Olive Oil Protects Against Dangerous LDL Cholesterol
While many are familiar with LDL cholesterol as “bad” cholesterol, it is even more dangerous to the body when it becomes oxidized. LDL becomes oxidized when it reacts with free radicals. Then oxidized LDL in turn becomes more reactive with the surrounding tissues, which can cause damage to them. One of the problems resulting from oxidized LDL is that it can cause the arteries which supply blood to the organs and tissue to become inflamed, thus increasing the risk of heart attack and stroke.
Factors that can increase oxidized LDL Levels:
- A diet high in trans fats
- Poorly controlled diabetes
- Metabolic syndrome
The Benefits of Olive Oil
In Mediterranean countries where olive trees are grown, olives and olive oil have been used for medicinal purposes to treat various health conditions including malaria, infections and cardiovascular disease, and in addition to uses as food, olives and olive oil are consumed to promote overall health and wellness.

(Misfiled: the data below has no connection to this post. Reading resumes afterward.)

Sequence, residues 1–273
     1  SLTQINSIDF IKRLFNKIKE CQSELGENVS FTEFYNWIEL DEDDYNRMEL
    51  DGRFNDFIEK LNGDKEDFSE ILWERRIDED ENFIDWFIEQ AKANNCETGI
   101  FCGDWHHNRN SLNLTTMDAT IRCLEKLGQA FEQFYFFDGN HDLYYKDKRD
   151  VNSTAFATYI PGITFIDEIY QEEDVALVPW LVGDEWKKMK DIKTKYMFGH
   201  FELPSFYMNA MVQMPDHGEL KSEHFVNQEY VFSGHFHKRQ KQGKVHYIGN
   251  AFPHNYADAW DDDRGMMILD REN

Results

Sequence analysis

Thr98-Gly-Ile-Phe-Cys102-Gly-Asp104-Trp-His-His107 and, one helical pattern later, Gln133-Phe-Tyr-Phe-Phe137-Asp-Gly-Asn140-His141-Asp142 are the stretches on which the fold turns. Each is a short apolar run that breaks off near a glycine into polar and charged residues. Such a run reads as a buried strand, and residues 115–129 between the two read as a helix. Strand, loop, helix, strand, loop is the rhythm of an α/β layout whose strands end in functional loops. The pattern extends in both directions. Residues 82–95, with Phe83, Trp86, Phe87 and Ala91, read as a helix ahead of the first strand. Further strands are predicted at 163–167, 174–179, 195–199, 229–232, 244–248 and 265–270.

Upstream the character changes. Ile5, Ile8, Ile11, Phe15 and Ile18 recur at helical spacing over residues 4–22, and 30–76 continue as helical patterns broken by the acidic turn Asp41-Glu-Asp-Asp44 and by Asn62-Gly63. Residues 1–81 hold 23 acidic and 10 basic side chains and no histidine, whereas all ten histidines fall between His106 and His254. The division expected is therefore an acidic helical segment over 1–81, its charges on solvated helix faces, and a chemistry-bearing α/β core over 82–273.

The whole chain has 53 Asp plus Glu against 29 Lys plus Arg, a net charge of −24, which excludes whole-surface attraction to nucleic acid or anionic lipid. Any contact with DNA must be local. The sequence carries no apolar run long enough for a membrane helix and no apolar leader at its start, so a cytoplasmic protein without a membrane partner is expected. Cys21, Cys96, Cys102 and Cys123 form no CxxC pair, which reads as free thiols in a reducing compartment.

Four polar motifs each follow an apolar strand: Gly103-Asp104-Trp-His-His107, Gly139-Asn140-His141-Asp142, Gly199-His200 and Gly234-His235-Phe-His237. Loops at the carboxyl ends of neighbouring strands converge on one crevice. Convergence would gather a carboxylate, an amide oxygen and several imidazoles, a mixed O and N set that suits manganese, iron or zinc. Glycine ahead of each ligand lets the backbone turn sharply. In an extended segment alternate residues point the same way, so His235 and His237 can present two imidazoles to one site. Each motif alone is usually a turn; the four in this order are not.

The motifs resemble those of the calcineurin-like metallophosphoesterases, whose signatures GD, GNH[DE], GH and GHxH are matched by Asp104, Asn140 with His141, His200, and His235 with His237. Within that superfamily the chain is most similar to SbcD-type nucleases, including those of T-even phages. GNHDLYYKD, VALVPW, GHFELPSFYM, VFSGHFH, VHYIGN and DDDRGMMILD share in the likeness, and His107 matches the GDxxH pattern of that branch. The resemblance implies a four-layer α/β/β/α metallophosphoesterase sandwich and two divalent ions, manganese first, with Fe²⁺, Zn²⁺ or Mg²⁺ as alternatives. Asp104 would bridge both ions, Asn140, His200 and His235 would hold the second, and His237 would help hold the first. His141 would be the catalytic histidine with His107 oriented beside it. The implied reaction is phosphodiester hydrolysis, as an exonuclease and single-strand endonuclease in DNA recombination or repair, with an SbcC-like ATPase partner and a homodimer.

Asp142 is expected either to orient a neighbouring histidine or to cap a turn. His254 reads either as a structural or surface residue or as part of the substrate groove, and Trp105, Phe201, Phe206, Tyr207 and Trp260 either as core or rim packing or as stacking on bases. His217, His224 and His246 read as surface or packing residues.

Clinical studies have shown that the typical Mediterranean diet which is rich in olive oil, fruits, vegetables and grains corresponds to a low risk of coronary heart disease. It is likely that the antioxidants that are found in olive trees may be a key component in the prevention of cardiovascular disease as they help to prevent LDL oxidation.
New research has found that there is a direct correlation between the polyphenol content in olive oil and the amount of oxidized LDL cholesterol. It has also been determined that olive oil polyphenols promote the development of OxLDL autoantibodies. The autoantibodies increase in proportion to the polyphenol content of the olive oil. Therefore olive oil can be an important part of the diet by playing a role in preventing and limiting the oxidation of LDL.